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Talwaar and the Bridegroom

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    Talwaar and the Bridegroom

    I know Hindus and Sikhs of North India have a tradition where the Groom holds teh talwaar(Kirpaan) in his hand while he takes baraat to Bride's home. I know the reasons behind this tradition and how it evolved into a tradition which I will share with you later.

    I want to know is do Muslim grooms(of North India/Pakistan) also carry the Talwaar in their hand when they take the barat to bride's home?

    #2
    well.. reminds me of first meeting of dushyanta and shakuntala as written by kalidasa. apparently a butterfly was flying around shakuntala and troubling her and dushyanta, watching the damsel in distress took off his sword to ward of the butterfly. needless to say, shankuntala had to fall in love with this brave guy.

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      #3
      He must be really brave that he needed a sword to ward off a disturbing fly

      Anyway, the swords that North Indian grooms carried with them were not to ward of flies(and there was no need to fall in love with a girl you are going to marry anyway either)...although those swords are used to uDaying makhis now a days.

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        #4
        Chann Yaara. There is no such tradition in Pakistani Punjab. When the bridegroom’s family/friends go over to Bride’s house to bring the bride, they usually bring firework and explode it at the time of arrival.

        Please share more about Talwar-carrying tradition with us. I am most intrigued. May be I should have carried one to my wedding. Some of those bride maids – ask me some other time.

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          #5
          Rajputs fire a gun before bringing bride home to let people know that they are armed. It is an old tradition that is carried on to this day.

          [This message has been edited by Rani (edited January 23, 2001).]

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            #6
            Well... Fire crackers are exploded in Indian Punjab also to celebrate and to have fun at wedding according to ones capacity. Firing the gun shots is also done in Indian Punjab I know. I remember at one of my Chachas wedding I was carrying this do-naali rifle of my grand uncle although he did not let me fire myself.

            I think both of these traditions of carrying the sword and firing gun shots are kind of same and related. The idea was to let the bad boys know that we are here and armed.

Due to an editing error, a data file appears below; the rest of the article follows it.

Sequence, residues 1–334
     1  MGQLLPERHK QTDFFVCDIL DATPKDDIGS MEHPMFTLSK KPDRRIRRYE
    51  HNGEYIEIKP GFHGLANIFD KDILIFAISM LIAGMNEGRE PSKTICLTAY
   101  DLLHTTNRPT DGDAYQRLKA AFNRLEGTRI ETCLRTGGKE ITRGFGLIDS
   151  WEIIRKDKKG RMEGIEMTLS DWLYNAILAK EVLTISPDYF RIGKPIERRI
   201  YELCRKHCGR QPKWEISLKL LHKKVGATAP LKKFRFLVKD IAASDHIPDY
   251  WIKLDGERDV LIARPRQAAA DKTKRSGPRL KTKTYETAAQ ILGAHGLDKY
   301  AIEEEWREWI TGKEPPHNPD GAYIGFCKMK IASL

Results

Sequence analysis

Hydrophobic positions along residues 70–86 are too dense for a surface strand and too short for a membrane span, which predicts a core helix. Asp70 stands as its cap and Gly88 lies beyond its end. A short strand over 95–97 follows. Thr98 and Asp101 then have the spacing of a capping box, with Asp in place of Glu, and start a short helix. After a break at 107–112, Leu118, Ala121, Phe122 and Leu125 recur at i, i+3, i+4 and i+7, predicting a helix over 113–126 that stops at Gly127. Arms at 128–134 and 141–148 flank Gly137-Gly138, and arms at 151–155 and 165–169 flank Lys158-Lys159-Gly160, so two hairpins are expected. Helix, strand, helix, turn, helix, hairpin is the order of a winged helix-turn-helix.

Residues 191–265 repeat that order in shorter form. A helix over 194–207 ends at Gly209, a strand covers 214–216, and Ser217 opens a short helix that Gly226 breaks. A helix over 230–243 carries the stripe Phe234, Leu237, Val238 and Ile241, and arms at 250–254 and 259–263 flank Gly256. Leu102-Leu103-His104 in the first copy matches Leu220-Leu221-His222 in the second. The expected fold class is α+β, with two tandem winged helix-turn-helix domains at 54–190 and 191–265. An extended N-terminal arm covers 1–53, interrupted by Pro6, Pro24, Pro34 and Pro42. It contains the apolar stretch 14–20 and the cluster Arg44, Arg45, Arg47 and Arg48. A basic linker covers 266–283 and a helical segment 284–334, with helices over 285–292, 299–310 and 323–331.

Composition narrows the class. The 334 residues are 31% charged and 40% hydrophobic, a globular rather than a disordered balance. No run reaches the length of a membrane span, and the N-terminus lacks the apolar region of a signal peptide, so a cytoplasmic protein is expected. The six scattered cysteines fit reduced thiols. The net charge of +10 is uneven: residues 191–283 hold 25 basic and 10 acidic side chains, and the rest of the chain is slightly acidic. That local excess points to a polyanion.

In old days amongst Hindus women were a scarce commodity. So lot of fights and murders used to happen on the decision that who is going to marry Savitri or Sonita and also there were daakoos and luTeras in the jungles who would attack teh baraats and would loot all valuables and take the bride away. So Baraat in those days was not constituted to go and eat 5 killo laddoos each at girl's home as they do now a days but were armed men to gaurd the groom and bride safely back to their home. In some cases they will have to clash with enemies or daakoos and as a result the groom will fight and die heroically(Sp?) protecting his newly wed wife. The baraat if able to save the bride will face a new decision now. whose wife she becomes now? and thats where the tradition of "Sarbaala" came into existence. Even before the baraat goes for wedding a young relative of the groom, usually a younger brother or cousin or nephew will be chosen as "Sarbaala" so that if only the bride makes home safely and groom is killed, that Sarbaala will be her husband. Kind of built in safe mechanism for the future of the girl

            Now carrying the sword tradition have been modified and have been rendered useless in the peace and security of modern days that it is used for uDaying makhiyaN most of the times. Swords thats grooms carry these days are nothing but decorated DanDa that matches their wedding suit..but
            thats not how it used to be.

            About 500 years or before when the baraat will leave groom's home first thing they will do is ask the groom to do shikaar of a wild animal like hirn, sher etc to test his sword and also kind of show his musculanity that he is the real man going for the wedding and then they will leave the jooh(boundary) of their village. Then as the world became safer and wild animals were hard to find they will just ask him to cut some big branch of a tree on the road to test his sword. This cutting the tree branch was practiced as late as arund 1940's.(source: "Punjabi Century" By Parkash Tandon)

            Now a days boys are getting so meek and kaagzi pehalwaans that only being able to lift the sword with one hand is considered a qualification good enough to be married.
            What is happening to this world? zamanay nu ki ho giya ay?

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              #7
              LOL

              zamanay nu ki ho gaya ay?


              Very interesting background on the sarbaala... I had always wondered why they had those shy little boys collecting all the money on the groom's side..and why I couldn't be one. well, now I know.

              thanks!

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